Promoting environmental responsibility with building dashboards

November 15, 2016

By John Petersen

Building occupants are a critical force in combatting climate change through resource conservation. As a professor of Environmental Studies and Biology at Oberlin College in Ohio, I meet thousands of young, dedicated individuals who are committed to ensuring a healthier planet for future generations. But, in addition to dedication, we need data. Data helps people understand their impact on the environment. Data makes conservation tangible and real. Building dashboards that capture and communicate resource use data are key to helping people achieve their conservation goals.

Today, across campuses of all kinds, there are thousands of sensors, monitoring resource use from electricity to water to waste production and Co2 emissions. Modern buildings are being designed with built-in sensors that monitor all aspects of resource use. The sensors are connected to building management systems, utility companies and data sources on the Internet. Connected buildings communicate to occupants via data, and make it possible for occupants and building managers to monitor and control resource use through building dashboards––visual displays that show environmental impact real time

It’s already working in cities and across campuses. For example, the City of Oberlin uses building dashboards and public displays for all public schools, the city library and other buildings. Public displays showcase resource use in eleven places around the city of Oberlin. In the classroom, Oberlin college students monitor building dashboards for all twenty-six dormitories. These dashboards reveal energy and water use in real time, and allow students to take an active role in conservation. In our own experience, tracking use and communicating through public dashboards has shown significant reductions in expense and in resource use. In 2015 Oberlin College saved 9,744.5 kWh electricity (5.8% overall reduction) and 322,890.8 gal water (19.8% overall reduction).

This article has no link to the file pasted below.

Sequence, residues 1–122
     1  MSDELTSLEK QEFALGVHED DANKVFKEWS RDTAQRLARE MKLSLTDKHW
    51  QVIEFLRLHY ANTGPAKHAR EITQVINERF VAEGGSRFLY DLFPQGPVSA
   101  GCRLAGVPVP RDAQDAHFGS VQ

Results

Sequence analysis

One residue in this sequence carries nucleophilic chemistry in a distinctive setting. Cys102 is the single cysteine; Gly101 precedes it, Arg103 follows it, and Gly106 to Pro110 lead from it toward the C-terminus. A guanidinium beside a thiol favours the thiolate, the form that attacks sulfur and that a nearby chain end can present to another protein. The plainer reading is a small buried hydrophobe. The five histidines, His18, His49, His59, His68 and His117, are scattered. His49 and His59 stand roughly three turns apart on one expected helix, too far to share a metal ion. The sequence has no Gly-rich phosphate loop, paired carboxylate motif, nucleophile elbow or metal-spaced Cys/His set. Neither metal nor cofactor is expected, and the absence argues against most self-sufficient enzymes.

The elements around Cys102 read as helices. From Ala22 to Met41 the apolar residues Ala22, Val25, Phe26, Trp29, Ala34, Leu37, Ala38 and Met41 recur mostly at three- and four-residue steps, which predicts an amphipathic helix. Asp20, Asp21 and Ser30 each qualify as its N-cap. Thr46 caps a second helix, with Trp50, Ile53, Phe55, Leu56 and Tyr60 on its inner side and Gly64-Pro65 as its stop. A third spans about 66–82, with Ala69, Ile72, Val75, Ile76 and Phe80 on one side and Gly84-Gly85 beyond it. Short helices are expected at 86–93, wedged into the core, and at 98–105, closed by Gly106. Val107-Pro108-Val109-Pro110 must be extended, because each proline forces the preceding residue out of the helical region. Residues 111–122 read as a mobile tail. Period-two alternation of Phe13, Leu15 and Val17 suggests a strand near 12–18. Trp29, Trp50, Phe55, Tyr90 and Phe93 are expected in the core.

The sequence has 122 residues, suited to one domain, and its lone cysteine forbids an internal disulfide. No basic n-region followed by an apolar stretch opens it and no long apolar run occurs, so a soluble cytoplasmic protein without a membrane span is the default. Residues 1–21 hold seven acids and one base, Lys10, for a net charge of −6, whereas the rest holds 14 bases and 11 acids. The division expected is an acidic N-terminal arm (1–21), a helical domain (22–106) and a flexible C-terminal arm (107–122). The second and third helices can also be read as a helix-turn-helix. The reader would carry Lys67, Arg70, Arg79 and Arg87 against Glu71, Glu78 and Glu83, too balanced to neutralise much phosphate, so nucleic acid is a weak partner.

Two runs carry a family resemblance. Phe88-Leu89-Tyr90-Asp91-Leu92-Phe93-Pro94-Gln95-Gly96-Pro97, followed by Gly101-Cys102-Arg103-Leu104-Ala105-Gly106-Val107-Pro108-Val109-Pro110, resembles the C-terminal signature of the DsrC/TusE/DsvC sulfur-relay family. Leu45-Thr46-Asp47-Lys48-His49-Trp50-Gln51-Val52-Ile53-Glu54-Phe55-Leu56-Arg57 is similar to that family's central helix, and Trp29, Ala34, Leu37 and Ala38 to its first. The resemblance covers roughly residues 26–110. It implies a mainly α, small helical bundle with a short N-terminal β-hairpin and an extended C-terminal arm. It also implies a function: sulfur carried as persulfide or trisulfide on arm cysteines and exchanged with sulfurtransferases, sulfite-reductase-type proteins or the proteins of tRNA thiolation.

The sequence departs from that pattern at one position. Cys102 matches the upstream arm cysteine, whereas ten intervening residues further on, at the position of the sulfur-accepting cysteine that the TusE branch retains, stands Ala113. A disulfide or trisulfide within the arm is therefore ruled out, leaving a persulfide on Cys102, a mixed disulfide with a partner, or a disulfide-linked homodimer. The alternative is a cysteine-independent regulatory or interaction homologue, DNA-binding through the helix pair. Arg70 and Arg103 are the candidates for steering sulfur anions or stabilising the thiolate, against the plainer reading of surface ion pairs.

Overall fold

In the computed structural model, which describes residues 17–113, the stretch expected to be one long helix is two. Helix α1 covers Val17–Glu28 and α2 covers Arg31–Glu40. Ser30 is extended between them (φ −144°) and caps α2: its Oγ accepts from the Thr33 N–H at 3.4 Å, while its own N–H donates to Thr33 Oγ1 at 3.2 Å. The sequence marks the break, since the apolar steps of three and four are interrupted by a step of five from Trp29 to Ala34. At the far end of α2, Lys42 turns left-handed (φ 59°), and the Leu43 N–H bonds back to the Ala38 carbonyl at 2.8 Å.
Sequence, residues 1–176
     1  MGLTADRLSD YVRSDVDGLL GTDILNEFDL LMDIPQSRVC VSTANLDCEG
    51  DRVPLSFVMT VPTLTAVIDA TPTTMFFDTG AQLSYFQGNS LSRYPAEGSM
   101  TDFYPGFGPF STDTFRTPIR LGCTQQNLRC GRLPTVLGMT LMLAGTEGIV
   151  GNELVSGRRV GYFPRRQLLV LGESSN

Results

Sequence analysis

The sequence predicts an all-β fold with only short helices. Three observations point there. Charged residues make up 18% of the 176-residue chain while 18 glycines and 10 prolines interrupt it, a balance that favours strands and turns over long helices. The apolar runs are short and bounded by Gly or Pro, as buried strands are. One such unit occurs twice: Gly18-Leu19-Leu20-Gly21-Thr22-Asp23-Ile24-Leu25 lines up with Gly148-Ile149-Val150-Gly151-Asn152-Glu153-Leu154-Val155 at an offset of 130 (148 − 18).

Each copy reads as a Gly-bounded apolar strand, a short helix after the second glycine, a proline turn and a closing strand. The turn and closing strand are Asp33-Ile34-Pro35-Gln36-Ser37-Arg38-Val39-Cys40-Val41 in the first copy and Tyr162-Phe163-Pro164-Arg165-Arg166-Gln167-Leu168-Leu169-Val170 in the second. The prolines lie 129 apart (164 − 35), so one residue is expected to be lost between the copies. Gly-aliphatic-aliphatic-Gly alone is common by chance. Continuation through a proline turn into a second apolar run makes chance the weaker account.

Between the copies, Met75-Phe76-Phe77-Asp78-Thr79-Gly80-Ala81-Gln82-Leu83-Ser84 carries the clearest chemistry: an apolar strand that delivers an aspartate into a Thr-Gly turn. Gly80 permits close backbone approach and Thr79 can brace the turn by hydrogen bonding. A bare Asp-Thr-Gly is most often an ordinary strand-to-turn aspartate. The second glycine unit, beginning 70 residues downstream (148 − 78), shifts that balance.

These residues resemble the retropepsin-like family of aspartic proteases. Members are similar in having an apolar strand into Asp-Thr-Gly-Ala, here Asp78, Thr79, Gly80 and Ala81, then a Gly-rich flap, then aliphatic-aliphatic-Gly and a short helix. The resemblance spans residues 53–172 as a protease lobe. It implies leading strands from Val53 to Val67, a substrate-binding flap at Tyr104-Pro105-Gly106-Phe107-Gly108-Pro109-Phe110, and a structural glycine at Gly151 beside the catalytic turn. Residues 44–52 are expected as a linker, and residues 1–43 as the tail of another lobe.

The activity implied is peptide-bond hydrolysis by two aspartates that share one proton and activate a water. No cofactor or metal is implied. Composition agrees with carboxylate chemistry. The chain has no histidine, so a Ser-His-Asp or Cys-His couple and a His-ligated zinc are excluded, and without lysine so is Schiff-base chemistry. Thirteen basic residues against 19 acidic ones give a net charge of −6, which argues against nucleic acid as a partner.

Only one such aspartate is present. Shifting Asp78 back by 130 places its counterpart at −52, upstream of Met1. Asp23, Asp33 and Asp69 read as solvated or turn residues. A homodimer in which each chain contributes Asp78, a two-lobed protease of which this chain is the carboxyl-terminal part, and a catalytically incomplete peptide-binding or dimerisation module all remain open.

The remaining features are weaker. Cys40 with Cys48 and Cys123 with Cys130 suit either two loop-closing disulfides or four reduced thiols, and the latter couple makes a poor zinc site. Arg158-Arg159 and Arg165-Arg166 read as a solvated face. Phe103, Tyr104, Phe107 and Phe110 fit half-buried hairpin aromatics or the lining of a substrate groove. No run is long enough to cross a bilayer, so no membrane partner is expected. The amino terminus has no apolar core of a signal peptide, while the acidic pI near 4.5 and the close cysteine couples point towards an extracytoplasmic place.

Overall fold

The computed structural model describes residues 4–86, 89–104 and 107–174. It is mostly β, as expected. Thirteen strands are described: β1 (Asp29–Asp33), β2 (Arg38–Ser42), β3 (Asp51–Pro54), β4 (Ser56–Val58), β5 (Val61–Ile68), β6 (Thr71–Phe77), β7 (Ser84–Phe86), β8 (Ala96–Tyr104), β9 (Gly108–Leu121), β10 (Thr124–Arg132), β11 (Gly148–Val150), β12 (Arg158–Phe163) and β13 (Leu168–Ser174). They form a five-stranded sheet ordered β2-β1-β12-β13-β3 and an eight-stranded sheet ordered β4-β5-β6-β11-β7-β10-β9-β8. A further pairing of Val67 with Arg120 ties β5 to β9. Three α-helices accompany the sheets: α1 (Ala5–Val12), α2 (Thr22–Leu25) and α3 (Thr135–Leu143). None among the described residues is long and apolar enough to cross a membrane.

Detailed tracking and publication of progress can dramatically reduce resource use, and can dramatically reduce cost. For example, the EPA estimates that for an 800,000 square foot campus, detailed tracking and benchmarking of energy use can reduce annual costs by $140,000. For a school or university, that could represent one new full time teacher per year.

How do you get started? First and foremost, get the data and begin to track usage. Other suggestions include:

  1. Master the fundamentals of building efficiency through building dashboards that monitor complete resource use
  2. Build an energy efficiency culture through leadership and communication, including dashboards
  3. Empower occupants including students, faculty, citizens and occupants through information
  4. Set and communicate clear conservation goals
  5. Centralize data and measure performance against the goals
  6. Make your results public, easy to access and easy to understand for all stakeholders
  7. Establish recognition and accountability programs to reward participation and progress.

Conservation and environmental health is top of mind for most people these days. Using building dashboards to set a baseline, track progress and communicate with occupants and stakeholders is a key step in building consensus around conservation goals and in promoting participation for everyone.

John Petersen is a member of the Lucid Board of Directors, and a co-founder. He is speaking on November 15, 2016 during at the Ohio School Boards Association and Capital Conference in Columbus Ohio. You can learn more about his session here.

John Petersen

John Petersen is a Professor of Environmental Studies and Biology at Oberlin College. He co-founded Lucid with several of his students in 2004 and is a member of Lucid’s Board of Directors.